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MARATHON (CBSMiami/FKNB) — The Florida Keys has a new stone crab eating champion.

Aaron Sutcliffe proved he is the most proficient cracker and consumer of Florida Keys stone crab claws by taking top honors in the fifth annual Stone Crab Eating Contest Saturday in Marathon.

The challenge, staged at Keys Fisheries Restaurant, celebrated the opening of the annual stone crab claw harvesting season. More than 30 contestants each cracked and cleanly ate their way through 25 stone crab claws, all vying to post the fastest time. Contestants were penalized for any meat left behind.

Sutcliffe, who finished in 14 minutes and 20 seconds, said he learned to eat stone crab claws quickly as a child.

“In my family if you don’t eat the stone crabs fast, you don’t get anything,” he said. “And I love the things. They’re delicious.”

Contestants in the Stone Crab Eating Contest begin cracking their claws Saturday, Oct. 17, 2015, at Keys Fisheries Restaurant in Marathon, Fla. The contest in the Florida Keys awarded individual and team honors to participants who turned in the fastest times for cracking and cleanly consuming 25 stone crab claws. (Andy Newman/Florida Keys News Bureau)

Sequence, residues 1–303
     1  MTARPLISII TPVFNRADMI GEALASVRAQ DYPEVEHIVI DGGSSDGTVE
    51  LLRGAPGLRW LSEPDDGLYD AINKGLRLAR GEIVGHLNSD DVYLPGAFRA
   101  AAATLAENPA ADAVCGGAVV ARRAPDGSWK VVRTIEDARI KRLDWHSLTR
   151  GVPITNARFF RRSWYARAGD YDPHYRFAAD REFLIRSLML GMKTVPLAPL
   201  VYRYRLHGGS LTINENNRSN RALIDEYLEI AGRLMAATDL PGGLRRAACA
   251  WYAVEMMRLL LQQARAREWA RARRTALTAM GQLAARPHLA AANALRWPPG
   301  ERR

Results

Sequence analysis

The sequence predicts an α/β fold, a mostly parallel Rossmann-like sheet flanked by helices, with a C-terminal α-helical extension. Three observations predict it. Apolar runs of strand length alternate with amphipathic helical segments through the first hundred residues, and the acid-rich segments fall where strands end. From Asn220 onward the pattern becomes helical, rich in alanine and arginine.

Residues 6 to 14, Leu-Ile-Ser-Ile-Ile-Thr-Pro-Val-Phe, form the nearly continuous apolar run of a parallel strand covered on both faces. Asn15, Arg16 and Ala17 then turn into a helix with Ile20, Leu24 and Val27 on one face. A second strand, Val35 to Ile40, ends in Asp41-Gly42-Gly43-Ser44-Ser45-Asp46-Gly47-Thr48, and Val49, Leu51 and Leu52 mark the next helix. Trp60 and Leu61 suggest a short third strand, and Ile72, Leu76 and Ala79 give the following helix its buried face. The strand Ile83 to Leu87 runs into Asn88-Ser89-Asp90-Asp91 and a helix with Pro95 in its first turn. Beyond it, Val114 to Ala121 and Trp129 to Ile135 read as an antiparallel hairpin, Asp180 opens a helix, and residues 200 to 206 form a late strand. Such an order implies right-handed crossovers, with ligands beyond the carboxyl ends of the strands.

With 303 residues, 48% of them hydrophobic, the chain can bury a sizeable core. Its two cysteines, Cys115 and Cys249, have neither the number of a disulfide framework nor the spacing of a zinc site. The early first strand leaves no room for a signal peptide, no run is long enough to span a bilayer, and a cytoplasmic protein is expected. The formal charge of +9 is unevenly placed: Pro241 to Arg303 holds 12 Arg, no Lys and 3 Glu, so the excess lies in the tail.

Contestants in the Stone Crab Eating Contest begin cracking their claws Saturday, Oct. 17, 2015, at Keys Fisheries Restaurant in Marathon, Fla. The contest in the Florida Keys awarded individual and team honors to participants who turned in the fastest times for cracking and cleanly consuming 25 stone crab claws. (Andy Newman/Florida Keys News Bureau)

He said his secret weapon was using a butter knife versus a commercial cracker or mallet.

“You crack with this (handle) side and eat with this (blade) side,” he said. “It’s very efficient.”

Among two-person team competitors, Greg D’Agostino and Rick Palmer, both residents of Marathon, earned top honors by turning in a time of 8:50.

An average of 2.6 million pounds of stone crab claws are harvested annually, with about 40 percent coming from waters off the Florida Keys. The succulent crustacean is considered a renewable resource, since legal-size claws are harvested and the crab is returned to the water to grow new extremities.

Stone crab season runs from Oct. 15 to May 15.

(©2015 CBS Local Media, a division of CBS Radio Inc. All rights reserved. This material may not be published, broadcast, rewritten, or redistributed. The Florida Keys News Bureau contributed to this report.)

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